Despite frantic efforts to save them, two men died Sunday evening when an apartment was engulfed in flames and dense smoke that held rescuers at bay until firefighters arrived.
"I tried to get to them - I couldn't do it, I couldn't get inside," said John Anderson, who owns the Central City four-plex where the two men were killed.Rodney N. Curtis, 60, and Byron Eugene Gurr, 63, both residents of the apartment at 758 E. 600 South, were unconscious when they were pulled out of the flames by firefighters and were declared dead at University Hospital.
Neighbors spotted smoke billowing out of windows and the roof of the two-story structure at 5:40 p.m. and alerted the Salt Lake City Fire Department. Anderson, who lives around the corner from his four-plex, was also notified and rushed to the scene.
"I had just been there to do some work 10 minutes earlier," Anderson told reporters. "Someone saw me and said, `Hey, your place is on fire,' and I went back."
He said he attempted to enter the burning unit but got no closer than the landing. "The flames were 3 feet high and there was thick smoke all the way up to the ceiling." Forced away, he grabbed a garden hose and tried again.
"I made a run at it, but I couldn't get in," Anderson said, adding that he got no response when he yelled to the two men. "I couldn't see them; I couldn't even get close."
Gurr and Curtis occupied separate units at the four-plex but were friends and often visited each other, Anderson said. The fire occurred in Gurr's apartment.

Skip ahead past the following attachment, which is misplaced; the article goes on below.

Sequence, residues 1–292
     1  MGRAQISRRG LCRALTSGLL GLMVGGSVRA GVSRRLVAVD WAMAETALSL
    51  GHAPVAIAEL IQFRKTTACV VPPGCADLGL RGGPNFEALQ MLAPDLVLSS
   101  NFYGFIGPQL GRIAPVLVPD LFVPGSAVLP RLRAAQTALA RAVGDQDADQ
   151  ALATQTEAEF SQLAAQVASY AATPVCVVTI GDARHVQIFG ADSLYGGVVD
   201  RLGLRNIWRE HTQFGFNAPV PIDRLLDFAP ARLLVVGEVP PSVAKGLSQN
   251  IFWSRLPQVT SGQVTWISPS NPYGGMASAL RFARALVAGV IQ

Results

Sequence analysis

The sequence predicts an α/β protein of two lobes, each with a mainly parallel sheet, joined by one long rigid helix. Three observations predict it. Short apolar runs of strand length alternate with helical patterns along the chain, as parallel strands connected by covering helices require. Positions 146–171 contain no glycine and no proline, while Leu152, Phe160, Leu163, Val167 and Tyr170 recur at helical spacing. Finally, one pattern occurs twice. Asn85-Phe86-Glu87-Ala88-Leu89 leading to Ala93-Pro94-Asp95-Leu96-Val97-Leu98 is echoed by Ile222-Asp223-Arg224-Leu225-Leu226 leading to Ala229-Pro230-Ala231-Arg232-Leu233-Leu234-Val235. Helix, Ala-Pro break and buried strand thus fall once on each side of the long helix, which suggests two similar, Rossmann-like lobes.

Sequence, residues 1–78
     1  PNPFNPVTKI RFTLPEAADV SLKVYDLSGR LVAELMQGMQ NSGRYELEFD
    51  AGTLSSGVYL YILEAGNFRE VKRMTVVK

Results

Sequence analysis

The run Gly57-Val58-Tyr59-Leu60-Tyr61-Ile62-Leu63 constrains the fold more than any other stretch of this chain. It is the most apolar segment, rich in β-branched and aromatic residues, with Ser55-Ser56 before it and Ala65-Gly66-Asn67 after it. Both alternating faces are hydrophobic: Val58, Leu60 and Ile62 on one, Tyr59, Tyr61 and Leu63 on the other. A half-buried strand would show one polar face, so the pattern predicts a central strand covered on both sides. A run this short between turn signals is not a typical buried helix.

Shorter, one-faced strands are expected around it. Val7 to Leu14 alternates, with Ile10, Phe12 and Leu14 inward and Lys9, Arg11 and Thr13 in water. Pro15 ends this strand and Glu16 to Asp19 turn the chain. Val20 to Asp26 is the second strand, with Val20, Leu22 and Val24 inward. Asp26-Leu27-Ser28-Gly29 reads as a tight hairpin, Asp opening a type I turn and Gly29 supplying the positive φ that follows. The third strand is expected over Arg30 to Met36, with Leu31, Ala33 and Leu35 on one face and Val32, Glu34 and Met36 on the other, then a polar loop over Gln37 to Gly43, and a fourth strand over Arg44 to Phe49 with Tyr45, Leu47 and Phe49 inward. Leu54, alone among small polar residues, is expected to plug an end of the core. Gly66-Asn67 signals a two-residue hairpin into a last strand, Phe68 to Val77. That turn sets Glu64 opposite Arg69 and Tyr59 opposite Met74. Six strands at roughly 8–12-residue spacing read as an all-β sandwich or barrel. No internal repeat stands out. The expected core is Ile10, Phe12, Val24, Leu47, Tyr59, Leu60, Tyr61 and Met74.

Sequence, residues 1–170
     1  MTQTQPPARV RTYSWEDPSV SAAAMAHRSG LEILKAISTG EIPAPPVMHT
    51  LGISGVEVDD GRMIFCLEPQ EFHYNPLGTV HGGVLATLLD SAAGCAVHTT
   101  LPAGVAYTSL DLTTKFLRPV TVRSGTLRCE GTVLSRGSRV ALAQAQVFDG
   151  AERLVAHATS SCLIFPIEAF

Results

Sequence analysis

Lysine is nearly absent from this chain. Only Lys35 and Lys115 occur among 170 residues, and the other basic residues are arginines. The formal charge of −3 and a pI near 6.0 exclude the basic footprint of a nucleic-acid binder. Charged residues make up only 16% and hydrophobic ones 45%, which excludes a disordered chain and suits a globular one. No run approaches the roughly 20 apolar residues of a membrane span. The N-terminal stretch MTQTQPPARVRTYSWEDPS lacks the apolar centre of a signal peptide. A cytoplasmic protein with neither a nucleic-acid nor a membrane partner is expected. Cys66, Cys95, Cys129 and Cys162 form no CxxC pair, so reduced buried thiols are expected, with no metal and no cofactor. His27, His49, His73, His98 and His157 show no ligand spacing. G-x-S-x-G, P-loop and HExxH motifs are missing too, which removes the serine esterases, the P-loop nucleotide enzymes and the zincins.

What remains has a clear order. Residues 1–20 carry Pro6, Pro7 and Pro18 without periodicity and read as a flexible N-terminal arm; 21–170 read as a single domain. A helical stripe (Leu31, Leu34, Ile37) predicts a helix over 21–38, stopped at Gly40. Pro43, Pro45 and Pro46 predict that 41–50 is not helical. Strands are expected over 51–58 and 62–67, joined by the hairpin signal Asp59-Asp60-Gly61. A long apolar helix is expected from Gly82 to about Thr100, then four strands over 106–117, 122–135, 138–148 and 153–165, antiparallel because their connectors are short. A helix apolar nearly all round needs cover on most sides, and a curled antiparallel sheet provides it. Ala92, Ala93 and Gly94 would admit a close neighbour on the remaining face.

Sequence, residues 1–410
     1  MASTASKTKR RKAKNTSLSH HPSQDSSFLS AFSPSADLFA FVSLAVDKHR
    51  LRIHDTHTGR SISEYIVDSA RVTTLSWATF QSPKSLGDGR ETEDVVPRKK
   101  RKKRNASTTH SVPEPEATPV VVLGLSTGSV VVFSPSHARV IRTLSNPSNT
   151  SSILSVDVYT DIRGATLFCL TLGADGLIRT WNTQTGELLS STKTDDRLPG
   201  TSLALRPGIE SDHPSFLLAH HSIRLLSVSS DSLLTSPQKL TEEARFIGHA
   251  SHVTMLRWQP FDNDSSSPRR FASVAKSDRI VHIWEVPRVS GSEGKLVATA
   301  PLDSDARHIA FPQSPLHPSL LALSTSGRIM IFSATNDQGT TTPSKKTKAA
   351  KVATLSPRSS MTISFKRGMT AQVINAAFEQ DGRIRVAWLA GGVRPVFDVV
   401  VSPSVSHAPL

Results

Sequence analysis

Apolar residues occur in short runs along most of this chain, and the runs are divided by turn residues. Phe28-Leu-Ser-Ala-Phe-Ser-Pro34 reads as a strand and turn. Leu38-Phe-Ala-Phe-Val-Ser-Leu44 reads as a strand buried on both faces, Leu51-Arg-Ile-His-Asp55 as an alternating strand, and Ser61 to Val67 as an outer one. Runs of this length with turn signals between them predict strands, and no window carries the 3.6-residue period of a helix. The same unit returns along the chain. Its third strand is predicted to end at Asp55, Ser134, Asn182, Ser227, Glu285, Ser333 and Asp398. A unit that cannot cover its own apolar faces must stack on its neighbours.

Battalion Chief Gordon Nicholl said investigators traced the origin of the blaze to a garbage can in the kitchen, but they had not determined Sunday night what ignited it.
"We don't know yet if it was a cigarette or something else. That's still under investigation," Nicholl said.
Firefighters arrived within minutes of the call and managed to enter the apartment and find the two victims. Paramedics administered emergency treatment to the men, rushing Gurr to the hospital immediately while continuing efforts to revive Curtis at the scene.
Both appeared to have succumbed to smoke inhalation, said Nicholl, adding that neither was badly burned. None of the other tenants of the four-plex was injured.
Nicholl said the first firefighters on the scene found heavy smoke and fire inside the apartment with the flames spreading rapidly into the attic. Four engine companies, a ladder truck and a number of other emergency vehicles were involved in battling the blaze.
With dozens of neighbors looking on, firefighters clambered over the roof of the building with chain saws, cutting holes to gain access to the fast-moving flames.
"They had a difficult time fighting this fire," Nicholl said. "Of course, the first priority was getting the occupants out, and then it was a matter of chasing the fire through the attic."
Firefighters doused the flames before they reached other units, Nicholl said. Damage was estimated at about $30,000.